By Shani Silver

Published on November 19, 2015

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Photography by Christopher McCoy

text by  SHANI SILVER
photography by  CHRISTOPHER MCCOY

File this under taking an “I wish I could do that” idea and really making it happen. How’s this for inspiring? Twin sisters (and designers) Kathryn and Lizzie Fortunato had a desire to bring together female creatives that inspired them, and decided to host intimate dinner gatherings in their homes. As you can imagine, the initiative expanded. Recently, they took their project a step further and gathered a group of female creatives together at Brooklyn concept store Ode to Babel for an evening of connecting, enjoying, and chatting up fellow female doers and makers in the creative world. Together with event partner Anastasia Koutsioukis, co-founder & creative director of Mandolin, Lizzie Fortunato gives us a view into a stunning, special night.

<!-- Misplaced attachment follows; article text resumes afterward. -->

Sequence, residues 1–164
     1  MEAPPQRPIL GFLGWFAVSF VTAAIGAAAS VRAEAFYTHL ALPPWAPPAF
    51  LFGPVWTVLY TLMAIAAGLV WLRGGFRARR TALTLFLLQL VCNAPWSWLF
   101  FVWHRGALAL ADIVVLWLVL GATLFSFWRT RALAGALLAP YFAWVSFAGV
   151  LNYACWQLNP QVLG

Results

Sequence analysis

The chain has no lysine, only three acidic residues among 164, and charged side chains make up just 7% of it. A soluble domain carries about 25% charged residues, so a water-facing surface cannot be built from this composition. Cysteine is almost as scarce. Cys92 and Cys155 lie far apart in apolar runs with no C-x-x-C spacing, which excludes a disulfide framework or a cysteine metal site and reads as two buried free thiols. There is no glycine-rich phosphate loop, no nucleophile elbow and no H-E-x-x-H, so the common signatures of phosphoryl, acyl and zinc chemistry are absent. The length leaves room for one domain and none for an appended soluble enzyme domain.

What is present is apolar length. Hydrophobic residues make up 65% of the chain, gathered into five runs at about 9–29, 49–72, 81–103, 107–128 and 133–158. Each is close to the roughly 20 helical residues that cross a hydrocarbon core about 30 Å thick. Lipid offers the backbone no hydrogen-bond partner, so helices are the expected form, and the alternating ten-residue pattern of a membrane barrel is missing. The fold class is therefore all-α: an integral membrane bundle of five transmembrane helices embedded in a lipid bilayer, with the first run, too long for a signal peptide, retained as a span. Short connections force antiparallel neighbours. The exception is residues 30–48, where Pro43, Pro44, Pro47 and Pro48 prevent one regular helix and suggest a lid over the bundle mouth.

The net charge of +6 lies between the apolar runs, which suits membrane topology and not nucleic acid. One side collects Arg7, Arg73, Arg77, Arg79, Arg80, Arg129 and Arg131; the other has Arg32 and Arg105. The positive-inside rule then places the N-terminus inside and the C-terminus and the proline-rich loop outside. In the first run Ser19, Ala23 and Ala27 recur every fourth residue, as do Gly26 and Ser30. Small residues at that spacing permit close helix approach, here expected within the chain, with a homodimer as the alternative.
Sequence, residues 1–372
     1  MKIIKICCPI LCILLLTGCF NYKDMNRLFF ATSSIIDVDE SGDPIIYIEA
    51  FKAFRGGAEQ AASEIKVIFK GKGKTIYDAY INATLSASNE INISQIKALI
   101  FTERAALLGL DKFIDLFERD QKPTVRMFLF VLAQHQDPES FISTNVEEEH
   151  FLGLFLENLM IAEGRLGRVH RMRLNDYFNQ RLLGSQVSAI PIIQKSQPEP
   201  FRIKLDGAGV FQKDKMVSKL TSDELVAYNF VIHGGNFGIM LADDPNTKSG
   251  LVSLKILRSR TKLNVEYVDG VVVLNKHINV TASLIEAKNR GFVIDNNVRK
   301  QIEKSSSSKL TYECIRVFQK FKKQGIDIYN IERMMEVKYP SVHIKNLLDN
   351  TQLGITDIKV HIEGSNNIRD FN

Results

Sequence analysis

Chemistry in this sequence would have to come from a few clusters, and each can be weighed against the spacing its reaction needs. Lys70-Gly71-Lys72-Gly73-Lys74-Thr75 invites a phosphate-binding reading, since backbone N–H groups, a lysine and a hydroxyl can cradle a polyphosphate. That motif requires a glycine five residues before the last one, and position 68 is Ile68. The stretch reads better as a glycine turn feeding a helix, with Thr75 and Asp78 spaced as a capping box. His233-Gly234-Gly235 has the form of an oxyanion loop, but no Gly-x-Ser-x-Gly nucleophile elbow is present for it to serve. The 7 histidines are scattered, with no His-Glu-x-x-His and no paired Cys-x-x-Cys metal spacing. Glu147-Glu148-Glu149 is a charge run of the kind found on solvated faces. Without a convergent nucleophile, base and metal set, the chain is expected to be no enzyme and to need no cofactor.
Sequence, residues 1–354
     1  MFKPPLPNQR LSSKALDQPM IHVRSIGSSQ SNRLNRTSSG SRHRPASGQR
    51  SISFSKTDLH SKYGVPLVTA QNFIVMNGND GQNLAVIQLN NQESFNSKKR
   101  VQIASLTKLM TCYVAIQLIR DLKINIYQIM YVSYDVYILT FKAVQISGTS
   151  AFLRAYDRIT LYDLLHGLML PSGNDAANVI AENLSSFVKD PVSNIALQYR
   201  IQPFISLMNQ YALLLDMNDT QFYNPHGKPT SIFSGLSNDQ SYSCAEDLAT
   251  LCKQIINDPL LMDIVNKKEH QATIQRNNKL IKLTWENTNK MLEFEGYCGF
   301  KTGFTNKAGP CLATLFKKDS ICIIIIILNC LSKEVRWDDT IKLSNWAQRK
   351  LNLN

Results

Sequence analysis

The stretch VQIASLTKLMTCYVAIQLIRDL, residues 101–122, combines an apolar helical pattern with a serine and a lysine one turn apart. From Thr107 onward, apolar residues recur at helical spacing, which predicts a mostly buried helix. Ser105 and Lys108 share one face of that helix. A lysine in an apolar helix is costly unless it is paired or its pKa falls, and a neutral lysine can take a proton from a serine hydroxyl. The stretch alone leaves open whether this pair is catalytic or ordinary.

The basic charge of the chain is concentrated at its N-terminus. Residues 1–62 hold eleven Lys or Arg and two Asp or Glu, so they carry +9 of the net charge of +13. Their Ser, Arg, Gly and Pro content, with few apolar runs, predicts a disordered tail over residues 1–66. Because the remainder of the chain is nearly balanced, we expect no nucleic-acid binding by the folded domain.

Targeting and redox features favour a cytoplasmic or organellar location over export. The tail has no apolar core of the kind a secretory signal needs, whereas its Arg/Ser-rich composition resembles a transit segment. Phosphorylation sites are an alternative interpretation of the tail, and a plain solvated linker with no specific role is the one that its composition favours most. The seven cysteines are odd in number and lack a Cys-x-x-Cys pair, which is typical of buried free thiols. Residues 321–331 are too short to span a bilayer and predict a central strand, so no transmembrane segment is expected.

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Photography by Christopher McCoy

HOW DID THIS EVENT COME ABOUT?

Lizzie:

We had already hosted a few “creative girls dinners” in our Clinton Hill apartments but when Anastasia offered to cook our next one, we were literally jumping up and down (the 2 meals I’ve had at her Miami restaurant have been 2 of my all-time favorite meals… ever!) and we reached out to Myriam and Marva to see about hosting in their space. From there everything happened pretty seamlessly — we decked out the space in Fortune Finds, Anastasia cooked a beautiful meal, and the space was such a perfect backdrop for it. The whole experience really embodied the sense of collaboration and coming together that these dinners were originally intended to celebrate!

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Photography by Christopher McCoy